You Look Great … for Your Age

Bridge and the abyssYes, it’s true. I have reached that magical age where I am told I look great … for my age. I’m not sure that’s a compliment!  Compliment or not, that phrase brought to mind all the many judgments and assumptions we make about people based on age.

Here’s what I think about this whole generational divide. We make it bigger than it really is. Many of us forget that at one point, it was our generation that was going to ruin the world or save it, depending on which side of that divide a person was sitting on.

I was reading an article the other day on this very topic and the author said something along the lines of “as we get older, our adventure window starts to close and we view those with their windows wide open as suspect.”  Millennials don’t have the years of experience we have. Many have wide open adventure windows. They haven’t learned to back away from opportunity because “that’s the way it’s always been done.”  That’s a good thing, but slightly off putting for those of us who have.

Another author said “Why don’t we just view everyone as a person first?”  A great question! When we lump people into a category, we assume everyone in that category views the world around them the exact same way. That has never been true for any generation. In every generation, there are are leaders and followers. There are people who push boundaries and those who prefer to live well within the boundaries of the current norm.  It is the people who push, who question and who perhaps sometimes demand instead of ask, that create change.

We can all learn from each other.  And for those of us who’ve been around a little longer, I believe we have the obligation to create environments where open dialogue happens. Let’s not expect the young and the brash to already know the lessons it took us years to learn.

Let’s crack our adventure window open just a little wider and let’s not take those back-handed compliments personally.  Be patient with the eye-rolling and sometimes condescending attitudes the younger folks give us. After all, someday they will be on the receiving end of them and wondering just how quickly those darn kids are going to destroy all the good they created!

Success from a Millennial’s Perspective

Google “managing millennials” and you’ll find a long, long list of articles and resources all addressing the question “How do organizations adapt to the unique perspectives and qualities millennials bring to the workforce?”

I was recently given the opportunity to read a book written from a millennial’s perspective on how to be successful in today’s constantly changing corporate work.  The Young Professional’s Guide to the Working World, written by Aaron McDaniel, touches on basic truths that apply to all generations.  Perhaps the scariest part is Aaron’s statement that these concepts are not being taught in college.  Hopefully that is not true across the board.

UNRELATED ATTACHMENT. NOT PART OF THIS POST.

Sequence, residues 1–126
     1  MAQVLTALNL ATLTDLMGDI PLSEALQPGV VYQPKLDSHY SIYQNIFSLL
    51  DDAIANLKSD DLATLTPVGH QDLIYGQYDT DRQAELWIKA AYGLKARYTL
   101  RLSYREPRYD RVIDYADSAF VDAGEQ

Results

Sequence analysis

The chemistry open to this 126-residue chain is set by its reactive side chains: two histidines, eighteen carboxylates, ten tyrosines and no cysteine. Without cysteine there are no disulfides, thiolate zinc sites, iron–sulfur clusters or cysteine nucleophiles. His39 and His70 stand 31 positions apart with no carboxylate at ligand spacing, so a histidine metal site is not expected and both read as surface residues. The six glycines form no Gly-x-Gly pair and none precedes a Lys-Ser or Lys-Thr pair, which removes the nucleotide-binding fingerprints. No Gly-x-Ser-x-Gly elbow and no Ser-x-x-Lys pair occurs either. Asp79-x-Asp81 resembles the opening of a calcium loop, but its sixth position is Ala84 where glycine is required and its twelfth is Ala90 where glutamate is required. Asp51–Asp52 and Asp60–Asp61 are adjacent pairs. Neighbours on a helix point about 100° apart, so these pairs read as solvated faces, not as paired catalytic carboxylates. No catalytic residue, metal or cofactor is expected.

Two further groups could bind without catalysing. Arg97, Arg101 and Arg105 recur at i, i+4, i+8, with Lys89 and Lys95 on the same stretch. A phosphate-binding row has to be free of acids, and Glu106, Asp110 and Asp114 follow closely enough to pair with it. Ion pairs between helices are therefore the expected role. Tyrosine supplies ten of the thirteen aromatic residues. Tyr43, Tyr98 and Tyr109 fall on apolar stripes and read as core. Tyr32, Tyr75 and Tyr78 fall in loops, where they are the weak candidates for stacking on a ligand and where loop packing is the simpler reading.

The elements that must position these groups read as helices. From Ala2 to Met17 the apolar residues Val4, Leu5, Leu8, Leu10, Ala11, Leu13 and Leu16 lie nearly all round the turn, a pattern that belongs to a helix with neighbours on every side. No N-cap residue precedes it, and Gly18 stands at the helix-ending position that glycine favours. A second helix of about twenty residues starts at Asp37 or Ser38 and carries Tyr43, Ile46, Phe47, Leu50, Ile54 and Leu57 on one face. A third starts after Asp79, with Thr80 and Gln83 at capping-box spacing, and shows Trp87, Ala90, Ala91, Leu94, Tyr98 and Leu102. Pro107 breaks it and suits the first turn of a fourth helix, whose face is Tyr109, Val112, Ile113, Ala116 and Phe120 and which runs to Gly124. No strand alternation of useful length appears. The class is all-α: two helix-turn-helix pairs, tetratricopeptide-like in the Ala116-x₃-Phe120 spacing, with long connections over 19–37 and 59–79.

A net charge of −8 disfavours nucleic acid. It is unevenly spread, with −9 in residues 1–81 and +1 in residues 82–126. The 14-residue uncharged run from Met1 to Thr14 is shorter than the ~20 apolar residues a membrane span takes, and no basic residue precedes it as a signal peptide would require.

I must admit I was really hoping to learn something completely new, completely different, but I didn’t. And that’s not a bad thing.  In the end, the road to success hasn’t changed a whole lot.   Success is not a right; success is not a given.  Success depends on a willingness to:

  1. Work hard
  2. Take risks
  3. Learn from others
  4. Learn from mistakes
  5. Create a career path
  6. Be flexible
  7. Challenge yourself

Aaron speaks to millennials from a millennial’s perspective.  Remember how your child believed his teacher or scout leader, instead of you, even though the message was the same?  A millennial hearing the message from one of their own, someone who has enjoyed significant success, may be more willing to listen.

Aaron also provides specific examples of how behaviours that are new in today’s corporate world apply to old truths. For example, the importance of acting professionally is not new.  Aaron reminds young workers that their behaviour, even when on break or outside of work, impacts other’s perceptions of them.  Posts and updates on Facebook, twitter, blogs and other social media channels are open and accessible for all to see and posting  unprofessional “party ‘til you drop images” on a public forum may very well impact the next promotion, the next job opportunity or the successful close rate with customers.

For me, the two most important lessons from this book are:

  1. Take control of your career.  Create a career plan.  Identify where you want to go and what you need to do in order to get there.  Nobody is waiting to give you what you want.  Go out and get it.
  2. Learn how to successfully leverage mentorship.  Identify potential mentors and ask them to be a mentor.  Recognize and value their time, their knowledge and their experience.  And when someone asks you to be a mentor, do it.  Giving back and helping others succeed is good for them and for you.

The Young Professionals Guide to the Working World is an excellent resource for millennials looking for ideas and suggestions on how to be successful in today’s corporate world. The truths Aaron outlines have stood the test of time. They work and he is a living, breathing, millennial example of that.

(Thank you to Career Press for the opportunity to read and review Aaron McDaniel’s book, The Young Professionals Guide to the Working World.)